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Abba Shenouda Taught Me

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Abba Shenouda Taught Me - St Shenouda Monastery Pimonakhos Articles

St. Shenouda the Archimandrite (348-466 A.D.) was the abbot of the White Monastery of Atribe in the desert of Thebes, Egypt, for more than 65 years. He was the abbot of over 2200 monks and 1800 nuns. He is called Archimandrite (the head of anchorites) because he used to practice the solitary life from time to time, and he also used to encourage some of his monks to withdraw to the desert after a few years of coenobetic life (living together in monastic community). In 431 A.D. he accompanied Pope St. Cyril the Great of Alexandria to the Ecumenical Council of Ephesus. Saint Wissa, his disciple, recorded his autobiography on his feast day highlighting the many virtues and miracles that the Lord accomplished in his life.

A virtuous life is embarked upon, maintained and perfected by prayer. Simply put, to have Christ dwelling within, one needs to be as zealous for communion with Him as was the case in St Shenoud’s life. He prayed twelve times a day and as a result was said to have ‘bore Christ’ in his heart and mind. In our case life’s duties gets the best of our time but ‘where there is a will there is a way’. If from a young age St. Shenouda, who also worked, pursued his prayer life immediately after his daily affairs, so like St Shenouda we need to be inclined to this urgent mindset of prayer as an essential part of our daily life.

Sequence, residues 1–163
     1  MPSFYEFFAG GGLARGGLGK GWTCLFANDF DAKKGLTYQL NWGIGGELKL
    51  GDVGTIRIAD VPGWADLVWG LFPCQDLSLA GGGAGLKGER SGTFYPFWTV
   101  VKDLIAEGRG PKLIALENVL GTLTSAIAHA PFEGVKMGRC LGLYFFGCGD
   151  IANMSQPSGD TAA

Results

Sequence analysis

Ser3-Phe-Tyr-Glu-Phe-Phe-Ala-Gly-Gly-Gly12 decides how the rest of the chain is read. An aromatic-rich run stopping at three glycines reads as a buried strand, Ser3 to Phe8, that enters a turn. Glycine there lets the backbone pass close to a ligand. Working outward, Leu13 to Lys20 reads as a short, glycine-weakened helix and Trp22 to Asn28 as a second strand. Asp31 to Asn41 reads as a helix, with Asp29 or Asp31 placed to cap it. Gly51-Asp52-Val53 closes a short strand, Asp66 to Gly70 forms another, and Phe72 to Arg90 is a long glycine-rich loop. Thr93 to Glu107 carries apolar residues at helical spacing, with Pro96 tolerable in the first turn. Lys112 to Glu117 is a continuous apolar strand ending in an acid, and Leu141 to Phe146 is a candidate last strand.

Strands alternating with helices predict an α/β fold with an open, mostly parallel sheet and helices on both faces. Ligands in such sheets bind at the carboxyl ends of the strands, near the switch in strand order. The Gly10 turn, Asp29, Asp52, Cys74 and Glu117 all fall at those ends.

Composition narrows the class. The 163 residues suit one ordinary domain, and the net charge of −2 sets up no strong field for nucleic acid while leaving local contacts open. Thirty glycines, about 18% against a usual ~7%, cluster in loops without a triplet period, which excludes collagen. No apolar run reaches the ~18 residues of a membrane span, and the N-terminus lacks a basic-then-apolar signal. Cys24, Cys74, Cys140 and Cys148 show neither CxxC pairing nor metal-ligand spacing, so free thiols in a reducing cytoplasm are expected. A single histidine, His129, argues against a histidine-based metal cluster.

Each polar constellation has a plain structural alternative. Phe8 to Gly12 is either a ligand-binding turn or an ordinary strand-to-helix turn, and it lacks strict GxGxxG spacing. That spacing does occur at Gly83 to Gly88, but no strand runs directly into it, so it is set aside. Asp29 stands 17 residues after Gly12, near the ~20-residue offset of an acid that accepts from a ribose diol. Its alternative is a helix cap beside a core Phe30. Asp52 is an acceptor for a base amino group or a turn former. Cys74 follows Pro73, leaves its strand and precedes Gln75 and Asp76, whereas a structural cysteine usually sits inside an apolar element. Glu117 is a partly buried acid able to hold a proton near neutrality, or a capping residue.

Journeying home from work, the young boy Shenouda would hide himself inside a cistern of water in order to find seclusion in prayer. It is true that if you want to know the state of your soul then observe your thoughts, feelings and actions, when you are in solitude. Like St Shenouda, we needs to fulfil the rule of prayer by going into ‘the room’ of one’s heart in silence, followed by ‘closing of the door’ of distractions by the recitation of the Agpia Psalms in order come to speak freely and intimately with boldness to speak with God our Father. Prayer of this kind was seen in this Saint’s life that saw him consistently bearing Christ in the heart and revealed its outwards expression with tears of joy that continuously overflowed like living water from a fresh spring.

Yet when one becomes a beacon of God’s light, one cannot help but radiate and imitate his master, Christ who is ‘the brightness of [God’s] glory’ (Heb. 1:3). St Shenouda was once followed home by his boss, his father’s shepherd, only to be found hid in the cistern with hands lifted up in prayer and fingers lit like ten flamed candles. We may not become inflame yet, in our communion with God, but we will naturally ‘shine before men, that they may see your good works and glorify your Father in heaven’ (Mat 5:16).

Irrespective of your age, due to God’s dwelling within you, many will find you a source of blessing. A reflection of this is found in St Shenouda’s story as from a young age he was greeted by Abba Pigol, his aged uncle and the abbot of the monastery, bowed his head under the young Saint’s hands to be blessed by him. Here one sees that Holiness is not measured by the number of grey hairs but by the constant dwelling of God within. In like manner, status too is levelled when people experience God through you. People will be enlightened with a God-given favour towards you to view you as a source of guidance. St Shenouda found grace in the eyes of both the young and old and even the King of his time sought his wisdom. Hence coupling prayer with scripture one speaks God’s words with sweetness. One becomes like this Saint, whose words become ‘like honey to those who seek eternal life’. St Shenouda’s words too ‘brought fear and comfort’ in order reveal the God who afflicts the comforted and comforts the afflicted, both to lead to their salvation.